Archive for the ‘VG+’ Tag

Neil Suddes RIP.   1 comment

RIP Neil Suddes. Crate-digger and music-lover extraordinaire, DJ, photographer and designer, sometime producer, bon vivant, very funny guy and fucking nice bloke, taken from us at 41.

The best tribute I can offer is those left by others here:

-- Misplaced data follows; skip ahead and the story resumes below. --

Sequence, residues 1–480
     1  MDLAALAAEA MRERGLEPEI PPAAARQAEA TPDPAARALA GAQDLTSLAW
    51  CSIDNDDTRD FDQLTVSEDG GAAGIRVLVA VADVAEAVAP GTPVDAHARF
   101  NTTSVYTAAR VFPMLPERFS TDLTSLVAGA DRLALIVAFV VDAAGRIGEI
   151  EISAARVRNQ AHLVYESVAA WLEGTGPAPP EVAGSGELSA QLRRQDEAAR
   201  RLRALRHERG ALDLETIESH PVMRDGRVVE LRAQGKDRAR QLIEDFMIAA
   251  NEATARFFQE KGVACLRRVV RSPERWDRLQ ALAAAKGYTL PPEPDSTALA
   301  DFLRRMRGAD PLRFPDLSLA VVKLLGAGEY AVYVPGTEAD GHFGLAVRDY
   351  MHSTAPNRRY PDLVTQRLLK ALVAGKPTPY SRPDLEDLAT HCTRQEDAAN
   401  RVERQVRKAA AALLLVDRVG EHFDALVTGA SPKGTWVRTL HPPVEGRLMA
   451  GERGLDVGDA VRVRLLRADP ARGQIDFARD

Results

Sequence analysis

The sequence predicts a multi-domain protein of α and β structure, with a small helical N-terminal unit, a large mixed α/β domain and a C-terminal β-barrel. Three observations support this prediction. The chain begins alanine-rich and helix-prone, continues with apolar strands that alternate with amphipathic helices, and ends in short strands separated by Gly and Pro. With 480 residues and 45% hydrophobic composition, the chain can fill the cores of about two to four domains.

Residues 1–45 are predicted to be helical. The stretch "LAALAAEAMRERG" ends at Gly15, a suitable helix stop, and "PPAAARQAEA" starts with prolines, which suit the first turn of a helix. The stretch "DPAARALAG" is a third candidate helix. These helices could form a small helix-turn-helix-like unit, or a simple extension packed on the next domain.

I found that thread because when I’d heard he’d died I had no other information and I simply googled his name. How fitting that people are still contributing at a vinyl-enthusiasts message board to a thread some 166 posts in, with many of those never having even met him in the flesh. In fact it’s startling to feel how deeply people are mourning the loss of an online presence, and how in keeping that feels with the guy I knew for what now feels like far too short a time. I’m annoyed that I didn’t know he posted on that board, a click away, when I’ve barely been in contact with Neil for about 8 years. We had an email exchange in February of this this year, for which I am now grateful, but reading our mutual promises at the end to stay in touch feels like a cruel joke. He also mentions in the emails a label project he is trying to get off the ground to do obscure reissue stuff (and I can’t think of anyone better qualified than Neil to do something like this) but also suggests that it might involve some of my music. Obviously that is an honour that I will never receive and I am reminded, not for the first time in my life, that it really is a good idea to make your hay while the sun is shining. When people die it seems that we achieve the state of grace that eludes us when we’re stumbling around awkwardly during our lives, and the shape and size of the hole that the person leaves is suddenly apparent in all-too-perfect clarity. In Neil’s case this is immediately apprehensible reading the VG+ thread. Even leaving aside what good company this hilariously dry, very talented and extremely generous dude was, personal qualities that his characteristic modesty could only try to hide, I can’t help but also wish that the world had made better use of Neil Suddes while it could. It’s like someone’s burned down a museum or a great library, because he was like a kind of machine for bringing the more hidden treasures of music to people, and my archivist’s soul is distressed by the loss of that huge, huge knowledge. I know a little bit about music, have more records than I’ve ever had pounds in the bank and I can boast that I can easily sort the possible wheat from the inevitable chaff in a box in a charity shop, but Neil made me look like someone who says they like Massive Attack because they think that that will make them look cool. He was the first guy I’d ever met that talked about things like Venezuelan Psych and handed me records that were worth £80 and up (and up – I remember him selling some British jazz record on Ebay for about £360) and made me realise that there was actually a much murkier and more arcane world than simply knowing about Can or The Residents or whatever. I still think of his record collection with awe, and that was the version of it that existed circa 2002, whilst the last email I have from him makes reference to the “walkways” that were evidence of an out-of-control vinyl habit, as he ruefully observed. Anyway it would be unseemly to talk about what his records might be worth but someone ought to check his Paypal account if they can.